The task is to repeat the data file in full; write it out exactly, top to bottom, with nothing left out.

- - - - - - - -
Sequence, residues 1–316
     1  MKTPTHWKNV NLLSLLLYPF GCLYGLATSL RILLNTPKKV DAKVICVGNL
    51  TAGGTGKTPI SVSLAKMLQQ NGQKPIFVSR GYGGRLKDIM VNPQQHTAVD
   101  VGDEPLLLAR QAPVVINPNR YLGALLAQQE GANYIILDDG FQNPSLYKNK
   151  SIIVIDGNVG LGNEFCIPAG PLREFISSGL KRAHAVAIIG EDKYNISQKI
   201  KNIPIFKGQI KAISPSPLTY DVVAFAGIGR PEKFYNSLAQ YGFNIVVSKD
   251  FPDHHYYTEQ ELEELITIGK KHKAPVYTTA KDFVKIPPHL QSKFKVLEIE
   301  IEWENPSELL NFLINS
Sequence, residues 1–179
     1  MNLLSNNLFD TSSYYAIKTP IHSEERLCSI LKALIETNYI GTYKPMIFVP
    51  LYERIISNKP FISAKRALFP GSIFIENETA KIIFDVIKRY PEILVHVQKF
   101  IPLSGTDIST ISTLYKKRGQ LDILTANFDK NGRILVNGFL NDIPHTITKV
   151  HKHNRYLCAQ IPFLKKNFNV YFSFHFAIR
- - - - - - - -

Sequence, residues 1–316
     1  MKTPTHWKNV NLLSLLLYPF GCLYGLATSL RILLNTPKKV DAKVICVGNL
    51  TAGGTGKTPI SVSLAKMLQQ NGQKPIFVSR GYGGRLKDIM VNPQQHTAVD
   101  VGDEPLLLAR QAPVVINPNR YLGALLAQQE GANYIILDDG FQNPSLYKNK
   151  SIIVIDGNVG LGNEFCIPAG PLREFISSGL KRAHAVAIIG EDKYNISQKI
   201  KNIPIFKGQI KAISPSPLTY DVVAFAGIGR PEKFYNSLAQ YGFNIVVSKD
   251  FPDHHYYTEQ ELEELITIGK KHKAPVYTTA KDFVKIPPHL QSKFKVLEIE
   301  IEWENPSELL NFLINS
Sequence, residues 1–179
     1  MNLLSNNLFD TSSYYAIKTP IHSEERLCSI LKALIETNYI GTYKPMIFVP
    51  LYERIISNKP FISAKRALFP GSIFIENETA KIIFDVIKRY PEILVHVQKF
   101  IPLSGTDIST ISTLYKKRGQ LDILTANFDK NGRILVNGFL NDIPHTITKV
   151  HKHNRYLCAQ IPFLKKNFNV YFSFHFAIR